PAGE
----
It is becoming increasingly clear that there is no one-size-fits all process for software projects. Requirements-first, top-down waterfall or V-models work well when the requirements can be determined in advance, but are stymied by emergent requirements or bottom-up considerations such as COTS- or legacy-driven projects. Agile methods work well for small projects with emergent requirements, but do not scale well or provide high assurance of critical attributes such as safety or security. Formal methods provide high assurance but are generally expensive in calendar time and effort and do not scale well.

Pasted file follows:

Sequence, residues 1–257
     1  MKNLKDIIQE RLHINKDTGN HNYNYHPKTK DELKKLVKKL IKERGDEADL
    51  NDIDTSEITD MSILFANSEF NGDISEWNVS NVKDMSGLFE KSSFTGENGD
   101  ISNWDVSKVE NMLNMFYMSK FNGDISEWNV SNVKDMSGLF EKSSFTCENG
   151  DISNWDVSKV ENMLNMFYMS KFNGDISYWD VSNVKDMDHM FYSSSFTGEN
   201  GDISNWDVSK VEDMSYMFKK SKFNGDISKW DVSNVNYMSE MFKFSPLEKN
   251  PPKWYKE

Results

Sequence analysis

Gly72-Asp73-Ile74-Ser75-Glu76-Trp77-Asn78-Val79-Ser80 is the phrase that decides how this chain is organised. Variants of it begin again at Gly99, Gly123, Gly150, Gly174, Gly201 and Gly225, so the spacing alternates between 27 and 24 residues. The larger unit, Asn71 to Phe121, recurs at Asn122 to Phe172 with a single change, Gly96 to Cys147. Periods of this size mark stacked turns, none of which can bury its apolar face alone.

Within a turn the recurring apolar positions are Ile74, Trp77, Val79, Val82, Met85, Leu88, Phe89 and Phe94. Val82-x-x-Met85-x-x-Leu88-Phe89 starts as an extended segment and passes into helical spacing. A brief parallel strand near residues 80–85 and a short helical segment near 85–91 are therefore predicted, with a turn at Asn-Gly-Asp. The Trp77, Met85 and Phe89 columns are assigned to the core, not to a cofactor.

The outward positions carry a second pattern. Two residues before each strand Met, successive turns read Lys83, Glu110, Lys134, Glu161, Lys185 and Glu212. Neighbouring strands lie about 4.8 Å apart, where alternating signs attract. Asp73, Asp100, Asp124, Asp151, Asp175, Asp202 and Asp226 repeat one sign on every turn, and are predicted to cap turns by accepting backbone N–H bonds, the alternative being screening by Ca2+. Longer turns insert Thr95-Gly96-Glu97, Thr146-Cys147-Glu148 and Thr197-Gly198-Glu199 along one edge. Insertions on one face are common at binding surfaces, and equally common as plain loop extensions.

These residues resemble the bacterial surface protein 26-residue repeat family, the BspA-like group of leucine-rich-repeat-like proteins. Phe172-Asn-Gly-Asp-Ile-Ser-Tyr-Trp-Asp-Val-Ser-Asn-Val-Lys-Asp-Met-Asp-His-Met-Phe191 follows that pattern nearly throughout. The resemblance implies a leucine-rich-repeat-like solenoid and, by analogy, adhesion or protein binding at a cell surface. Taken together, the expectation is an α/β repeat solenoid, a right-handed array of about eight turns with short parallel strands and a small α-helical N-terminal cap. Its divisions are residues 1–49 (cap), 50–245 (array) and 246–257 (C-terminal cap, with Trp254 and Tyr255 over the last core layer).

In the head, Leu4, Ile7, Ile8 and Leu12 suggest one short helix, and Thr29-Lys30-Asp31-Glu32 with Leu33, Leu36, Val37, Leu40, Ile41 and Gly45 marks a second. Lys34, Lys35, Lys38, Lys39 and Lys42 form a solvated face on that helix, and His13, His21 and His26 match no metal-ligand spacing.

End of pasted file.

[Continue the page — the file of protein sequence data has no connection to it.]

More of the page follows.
We have developed the Incremental Commitment Model (ICM) to include a set of explicit risk-driven decision points that branch in different ways to cover numerous possible project situations. As with other models trying to address a wide variety of situations, its general form is rather complex. However, its risk-driven nature has enabled us to determine a set of twelve common risk patterns and organize them into a decision table that can help new projects converge on a process that fits well with their particular process drivers. For each of the twelve special cases, the decision table provides top-level guidelines for tailoring the key activities of the ICM, along with suggested lengths between each internal system build and each external system increment delivery. This presentation will provide a summary of the ICM, show how its process decision drivers can generally be determined in the initial ICM Exploration phase, summarize each of the twelve cases, and provide representative examples of their use.